Planting Philosophy

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Extensive research was carried out with the assistance of garden historians Kate Harwood and Janet Waymark, Bushey Museum and the Thomas Mawson Archive Office in order to recreate the garden.

 

Mawson was influenced by Italian gardens with formal structures and features such as balustrades, pergolas and rose panels.  His belief was that garden design should complement the architectural style of the house and its surrounding landscape.

 

Unfortunately, no original plans of the Rose Garden have been discovered, despite searching a number of sources. The areas referred to as ‘The Lawn’ and the ‘Rose Walk’ were not originally part of the Rose Garden and there is little knowledge on what these areas looked like at the time the garden was built. The only item of evidence we have about the garden is from Mawson’s biography when he mentions his visit to Bushey to meet Sir Herkomer and discuss the proposals, but this in not in any detail.

 

As the original drawings of the garden are no longer in existence, the planting has been carefully pieced together from research into Mawson’s other gardens and from studying archived photographs of the site.  Bushey Museum has black and white photographs of the Rose Garden dating from the 1930s which have provided an idea of the layout of the Sunken Garden and features within.

Roses – old or new varieties

Roses were one of Mawson’s favourite plants and his book - The Art and Craft of Garden Making - includes an extensive list of roses.  Following advice from English Heritage, the restoration has allowed for modern roses to be planted.  David Austin roses were decided as the best selection as their English roses are hybrids of older roses offering a large selection to choose from and the roses can be more disease resistant.  A number of Mawson’s recommended roses have been planted and it’s proposed more of the unusual varieties will be sourced and planted in the future.

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The Sunken Garden

This area encompasses the entrance from the High Street with a footpath leading to the sunken area around the fountain and up to the Summer House and Pergola.

 

From old photographs it can be seen that the five formal beds (or ‘rose panels’) surrounding the central fountain contained white or pale coloured roses edged with a box hedge.  What looks like a grass pattern can be seen around the pillars and roses.  This pattern has been reinterpreted using gravel rather than grass for ease of maintenance.  The roses selected are two varieties of David Austin English roses (Winchester Cathedral and Queen of Sweden) which have a similar form to the ones shown in the original photographs.  The rose beds are underplanted with viola and winter flowering bulbs such as dwarf narcissus, Chinonodoxia, cyclamen and crocus to bring a splash of colour.  The rose pillars are planted with English climbing roses and clematis.

 

The other surrounding beds have been planted with a mixture of scented shrubs to bring all year round interest to the garden so that this area can be enjoyed throughout the year, rather than just when the roses are in flower.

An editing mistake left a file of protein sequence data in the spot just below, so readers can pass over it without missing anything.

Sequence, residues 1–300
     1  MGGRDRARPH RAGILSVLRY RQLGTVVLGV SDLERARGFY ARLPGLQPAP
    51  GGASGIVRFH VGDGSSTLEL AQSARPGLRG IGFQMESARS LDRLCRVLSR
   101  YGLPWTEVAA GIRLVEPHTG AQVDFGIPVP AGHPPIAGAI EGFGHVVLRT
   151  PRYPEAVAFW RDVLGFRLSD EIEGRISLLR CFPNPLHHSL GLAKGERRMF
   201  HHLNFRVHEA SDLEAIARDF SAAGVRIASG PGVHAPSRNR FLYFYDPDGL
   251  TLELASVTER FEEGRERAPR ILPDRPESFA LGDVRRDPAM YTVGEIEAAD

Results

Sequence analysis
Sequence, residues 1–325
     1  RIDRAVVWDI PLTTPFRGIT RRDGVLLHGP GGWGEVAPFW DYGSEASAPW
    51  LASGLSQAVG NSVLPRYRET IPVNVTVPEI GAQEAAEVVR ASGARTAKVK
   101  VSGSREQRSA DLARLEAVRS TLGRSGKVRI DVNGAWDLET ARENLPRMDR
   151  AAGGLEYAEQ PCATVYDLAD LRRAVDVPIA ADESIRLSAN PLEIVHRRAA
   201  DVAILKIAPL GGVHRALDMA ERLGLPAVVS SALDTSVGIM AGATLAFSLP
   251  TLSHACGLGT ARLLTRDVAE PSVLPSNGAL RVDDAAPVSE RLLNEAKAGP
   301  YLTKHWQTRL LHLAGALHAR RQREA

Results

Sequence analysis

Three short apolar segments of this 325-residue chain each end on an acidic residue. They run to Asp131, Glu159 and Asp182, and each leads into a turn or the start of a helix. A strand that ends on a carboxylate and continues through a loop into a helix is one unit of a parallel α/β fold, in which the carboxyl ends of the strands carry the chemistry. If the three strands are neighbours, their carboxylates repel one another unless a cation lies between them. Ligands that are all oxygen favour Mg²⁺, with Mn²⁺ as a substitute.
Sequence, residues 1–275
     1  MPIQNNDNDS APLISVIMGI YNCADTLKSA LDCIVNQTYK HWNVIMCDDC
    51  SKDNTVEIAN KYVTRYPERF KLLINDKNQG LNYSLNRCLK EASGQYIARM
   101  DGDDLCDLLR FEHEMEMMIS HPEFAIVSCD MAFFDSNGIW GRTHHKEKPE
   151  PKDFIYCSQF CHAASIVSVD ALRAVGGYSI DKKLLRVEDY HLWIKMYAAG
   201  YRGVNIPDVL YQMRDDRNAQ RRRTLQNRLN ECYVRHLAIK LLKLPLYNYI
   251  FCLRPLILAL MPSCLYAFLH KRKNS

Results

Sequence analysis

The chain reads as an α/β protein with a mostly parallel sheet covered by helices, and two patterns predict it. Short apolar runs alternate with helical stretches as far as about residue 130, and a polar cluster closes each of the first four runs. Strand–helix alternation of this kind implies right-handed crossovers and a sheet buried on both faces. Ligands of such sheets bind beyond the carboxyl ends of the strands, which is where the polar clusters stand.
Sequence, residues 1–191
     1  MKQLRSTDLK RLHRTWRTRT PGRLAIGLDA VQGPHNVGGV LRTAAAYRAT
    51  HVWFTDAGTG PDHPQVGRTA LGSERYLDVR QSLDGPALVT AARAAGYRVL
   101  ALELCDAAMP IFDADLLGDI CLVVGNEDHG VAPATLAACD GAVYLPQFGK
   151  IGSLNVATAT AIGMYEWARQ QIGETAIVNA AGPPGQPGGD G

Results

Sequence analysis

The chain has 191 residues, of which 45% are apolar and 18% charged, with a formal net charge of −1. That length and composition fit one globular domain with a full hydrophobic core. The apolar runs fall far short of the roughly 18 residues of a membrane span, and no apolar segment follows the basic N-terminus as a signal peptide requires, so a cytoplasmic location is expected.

The area along the United Reformed Church boundary is quite shady with the mature yew and prunus species casting heavy shade.  The restoration allows for the management of these trees to increase light levels to new planting below.  Some areas are still in shade and plants tolerant of dry shade have been allowed for in these areas such as Skimmia, Osmanthus and Sarcococca.

The Column/Rose Temple

Part of a semi-circle of lilacs was discovered during a vegetation survey and the aboriculturalist’s report confirmed these shrubs date to the time of 1912.  A new semi-circle of lilacs has been allowed for as part of the restoration using a smaller variety of lilacs (Syringa microphylla) rather than Syringa vulgaris which grows into a spreading tree.

 

Pergola

Mawson used rambling roses in his designs on pergolas and walls and the restoration includes a number of his recommended ramblers.  Some will only flower once but have been combined with planting of late flowering clematis (C viticella) to provide additional colour later in the summer.

 

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The Lawn

This area encompasses the lawn area, the Cloister and the new toilet block/potting shed.  This area was not part of Mawson’s original design and so has been designed in to be in keeping with the rest of the garden using shrubs and perennials, including many from Mawson’s plant list. 

 

The Rose Walk

This area encompasses the entrance from Herkomer Road leading into the Lawn area.  Again, this area was not part of Mawson’s original design and has been designed as a mixed border with roses, box balls, lavender and herbaceous plants to provide all year round interest including spring bulbs.  The rose pillars are planted with Rosa ‘Madame Plantier’ (a white old rose) and Clematis ‘Ville de Lyon’ and ‘Perle D’Azur’ from Mawson’s list.  The Herkomer Road entrance beds are quite small raised brick beds.  This area has been planted with clipped box balls, low perennials and spring tulips.  The walls have an old rambling rose which is tolerant of shade (‘New Dawn’).